This research examines Mary E. Wilkins Freeman's short story "The Revolt of 'Mother'" as an exemplar of Marxist principles. The research will provide an outline of the text and then discuss how "the magic of ideology" functions as a means of developing the narrative pattern and the characters.
The action of "The Revolt of 'Mother'" is straightforward if perhaps a bit eccentric. Sarah, a farm wife whose husband Adoniram builds a new barn instead of a long-promised new house, moves the entire household into the barn when he is away on business. Upon his return he quickly accepts the situation and promises an upgrade.
How Marxist principles enrich understanding of this seemingly unambiguous plot is suggested by the very title of the story, which promises a theme of revolt as the narrative conflict. But the entire narrative can be read as a proxy for the Marxist argument for revolution as a wholesale transformation of experience. The action of moving the household, however, is not really the content of the revolt. The meaningful transformation occurs in the mind of Sarah before any physical action is undertaken. That is where ideology becomes relevant to the text.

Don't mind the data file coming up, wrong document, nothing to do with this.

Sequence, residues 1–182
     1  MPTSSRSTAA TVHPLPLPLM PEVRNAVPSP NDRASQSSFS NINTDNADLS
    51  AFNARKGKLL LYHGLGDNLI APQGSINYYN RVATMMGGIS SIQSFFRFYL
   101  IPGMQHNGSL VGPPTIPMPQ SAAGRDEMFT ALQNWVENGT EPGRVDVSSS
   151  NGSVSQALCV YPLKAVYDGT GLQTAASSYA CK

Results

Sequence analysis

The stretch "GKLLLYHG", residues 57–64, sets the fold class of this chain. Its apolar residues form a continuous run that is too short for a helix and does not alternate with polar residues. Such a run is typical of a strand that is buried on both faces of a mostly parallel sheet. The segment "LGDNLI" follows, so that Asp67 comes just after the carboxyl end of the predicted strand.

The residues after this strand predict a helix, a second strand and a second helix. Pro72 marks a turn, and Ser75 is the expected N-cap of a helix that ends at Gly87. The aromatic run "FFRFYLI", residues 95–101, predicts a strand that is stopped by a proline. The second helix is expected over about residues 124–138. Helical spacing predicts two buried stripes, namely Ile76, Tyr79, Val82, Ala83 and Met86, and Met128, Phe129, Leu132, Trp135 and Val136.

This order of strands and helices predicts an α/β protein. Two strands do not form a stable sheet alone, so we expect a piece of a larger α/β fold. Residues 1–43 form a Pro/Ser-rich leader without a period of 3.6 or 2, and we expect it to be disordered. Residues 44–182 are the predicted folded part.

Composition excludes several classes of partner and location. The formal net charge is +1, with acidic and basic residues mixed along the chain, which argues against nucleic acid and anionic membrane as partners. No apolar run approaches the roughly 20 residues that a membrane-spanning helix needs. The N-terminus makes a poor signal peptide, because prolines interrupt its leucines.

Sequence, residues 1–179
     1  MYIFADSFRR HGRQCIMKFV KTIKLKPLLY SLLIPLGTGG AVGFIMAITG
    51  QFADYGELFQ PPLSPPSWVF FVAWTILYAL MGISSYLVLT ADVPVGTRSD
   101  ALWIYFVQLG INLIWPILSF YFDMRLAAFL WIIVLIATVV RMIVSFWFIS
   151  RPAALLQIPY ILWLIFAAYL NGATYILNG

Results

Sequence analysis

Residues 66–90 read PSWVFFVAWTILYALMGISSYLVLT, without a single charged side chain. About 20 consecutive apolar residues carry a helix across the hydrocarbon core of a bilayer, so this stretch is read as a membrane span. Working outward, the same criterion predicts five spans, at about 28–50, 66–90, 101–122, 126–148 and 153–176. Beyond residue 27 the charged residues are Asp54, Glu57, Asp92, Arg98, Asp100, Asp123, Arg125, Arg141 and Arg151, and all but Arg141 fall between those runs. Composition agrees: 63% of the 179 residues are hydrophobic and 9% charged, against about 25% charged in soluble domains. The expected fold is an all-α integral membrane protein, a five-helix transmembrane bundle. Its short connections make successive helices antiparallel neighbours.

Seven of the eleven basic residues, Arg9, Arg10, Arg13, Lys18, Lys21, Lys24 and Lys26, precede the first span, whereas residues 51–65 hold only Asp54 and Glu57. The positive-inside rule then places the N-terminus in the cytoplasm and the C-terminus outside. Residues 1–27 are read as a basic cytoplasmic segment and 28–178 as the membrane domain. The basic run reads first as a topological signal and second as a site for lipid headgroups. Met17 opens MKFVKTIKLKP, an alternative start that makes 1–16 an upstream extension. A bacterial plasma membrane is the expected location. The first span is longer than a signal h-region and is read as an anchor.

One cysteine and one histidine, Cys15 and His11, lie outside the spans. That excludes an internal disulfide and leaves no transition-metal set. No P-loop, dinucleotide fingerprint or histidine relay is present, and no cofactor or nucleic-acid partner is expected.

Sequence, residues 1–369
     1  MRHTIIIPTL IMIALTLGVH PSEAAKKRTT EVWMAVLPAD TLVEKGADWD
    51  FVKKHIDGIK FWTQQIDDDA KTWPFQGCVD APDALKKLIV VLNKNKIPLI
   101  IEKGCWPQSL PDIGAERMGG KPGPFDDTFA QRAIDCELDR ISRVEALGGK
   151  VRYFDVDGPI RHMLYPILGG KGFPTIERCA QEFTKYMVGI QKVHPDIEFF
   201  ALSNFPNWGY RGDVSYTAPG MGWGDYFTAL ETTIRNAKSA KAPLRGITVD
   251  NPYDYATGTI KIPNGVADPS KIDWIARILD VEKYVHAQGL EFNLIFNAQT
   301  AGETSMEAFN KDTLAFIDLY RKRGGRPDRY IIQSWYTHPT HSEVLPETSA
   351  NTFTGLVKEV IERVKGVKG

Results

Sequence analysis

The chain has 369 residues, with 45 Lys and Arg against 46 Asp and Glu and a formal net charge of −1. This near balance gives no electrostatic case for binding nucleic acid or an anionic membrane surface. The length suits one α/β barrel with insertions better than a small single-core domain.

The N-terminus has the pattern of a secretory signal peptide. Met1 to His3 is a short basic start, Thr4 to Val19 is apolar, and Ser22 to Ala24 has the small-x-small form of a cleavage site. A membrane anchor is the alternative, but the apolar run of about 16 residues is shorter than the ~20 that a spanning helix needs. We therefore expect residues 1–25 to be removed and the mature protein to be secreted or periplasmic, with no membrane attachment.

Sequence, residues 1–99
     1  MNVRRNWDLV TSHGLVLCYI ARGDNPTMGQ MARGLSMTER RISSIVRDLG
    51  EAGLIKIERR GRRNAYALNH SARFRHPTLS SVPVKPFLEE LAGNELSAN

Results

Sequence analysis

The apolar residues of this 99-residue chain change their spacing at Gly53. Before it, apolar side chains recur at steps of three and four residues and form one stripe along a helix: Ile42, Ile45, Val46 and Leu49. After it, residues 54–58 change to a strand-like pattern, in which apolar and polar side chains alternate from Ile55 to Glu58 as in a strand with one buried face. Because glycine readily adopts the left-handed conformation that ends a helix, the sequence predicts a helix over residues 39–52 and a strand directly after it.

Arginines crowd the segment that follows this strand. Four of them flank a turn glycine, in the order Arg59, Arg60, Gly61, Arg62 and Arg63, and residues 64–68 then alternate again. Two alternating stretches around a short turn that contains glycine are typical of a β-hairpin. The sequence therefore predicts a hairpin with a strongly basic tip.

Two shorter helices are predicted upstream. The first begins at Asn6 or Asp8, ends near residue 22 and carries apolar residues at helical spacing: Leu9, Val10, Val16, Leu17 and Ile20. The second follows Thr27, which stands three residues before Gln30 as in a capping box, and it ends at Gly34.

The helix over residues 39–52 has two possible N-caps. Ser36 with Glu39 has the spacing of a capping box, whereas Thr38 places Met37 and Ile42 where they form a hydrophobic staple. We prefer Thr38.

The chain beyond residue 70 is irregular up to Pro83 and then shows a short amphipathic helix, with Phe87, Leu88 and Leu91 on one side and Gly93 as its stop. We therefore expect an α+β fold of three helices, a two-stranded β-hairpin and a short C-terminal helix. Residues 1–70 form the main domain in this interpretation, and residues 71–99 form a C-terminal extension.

As Rivkin and Ryan explain, an important feature of Marx's critique of ideology is that ordinary experience "is driven from within by what Marx called 'class struggle'" (231). Although class struggle is the familiar phrase, the operative word is within. What maintains conditions of material oppression, in Marx's formulation, is that the oppressed have internalized the values and objectives of the master class, at some level perceiving that they share them. But the fact that they share nothing is proved by their sense of alienation and their persistent knowledge of their powerlessness. Both the powerful and powerless--capital and labor--are alienated. " But the former feels satisfied and affirmed in this self-alienation, experiences the alienation as a sign of its own pow...